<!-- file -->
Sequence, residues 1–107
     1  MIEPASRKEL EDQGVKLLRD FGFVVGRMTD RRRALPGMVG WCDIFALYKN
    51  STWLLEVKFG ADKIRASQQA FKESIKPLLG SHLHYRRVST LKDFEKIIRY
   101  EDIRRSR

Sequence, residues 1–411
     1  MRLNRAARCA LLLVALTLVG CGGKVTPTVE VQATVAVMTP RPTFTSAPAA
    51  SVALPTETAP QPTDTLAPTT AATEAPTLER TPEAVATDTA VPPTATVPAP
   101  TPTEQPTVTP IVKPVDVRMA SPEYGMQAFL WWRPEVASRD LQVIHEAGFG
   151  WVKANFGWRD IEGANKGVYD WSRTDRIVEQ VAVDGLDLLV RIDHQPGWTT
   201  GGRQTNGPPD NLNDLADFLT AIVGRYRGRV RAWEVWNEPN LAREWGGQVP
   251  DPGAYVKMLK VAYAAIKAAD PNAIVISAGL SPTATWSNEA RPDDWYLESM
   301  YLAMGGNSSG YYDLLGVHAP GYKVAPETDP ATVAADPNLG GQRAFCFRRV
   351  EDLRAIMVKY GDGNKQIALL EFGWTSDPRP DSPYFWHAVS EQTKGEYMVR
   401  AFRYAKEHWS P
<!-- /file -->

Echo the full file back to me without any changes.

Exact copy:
Sequence, residues 1–107
     1  MIEPASRKEL EDQGVKLLRD FGFVVGRMTD RRRALPGMVG WCDIFALYKN
    51  STWLLEVKFG ADKIRASQQA FKESIKPLLG SHLHYRRVST LKDFEKIIRY
   101  EDIRRSR

Sequence, residues 1–411
     1  MRLNRAARCA LLLVALTLVG CGGKVTPTVE VQATVAVMTP RPTFTSAPAA
    51  SVALPTETAP QPTDTLAPTT AATEAPTLER TPEAVATDTA VPPTATVPAP
   101  TPTEQPTVTP IVKPVDVRMA SPEYGMQAFL WWRPEVASRD LQVIHEAGFG
   151  WVKANFGWRD IEGANKGVYD WSRTDRIVEQ VAVDGLDLLV RIDHQPGWTT
   201  GGRQTNGPPD NLNDLADFLT AIVGRYRGRV RAWEVWNEPN LAREWGGQVP
   251  DPGAYVKMLK VAYAAIKAAD PNAIVISAGL SPTATWSNEA RPDDWYLESM
   301  YLAMGGNSSG YYDLLGVHAP GYKVAPETDP ATVAADPNLG GQRAFCFRRV
   351  EDLRAIMVKY GDGNKQIALL EFGWTSDPRP DSPYFWHAVS EQTKGEYMVR
   401  AFRYAKEHWS P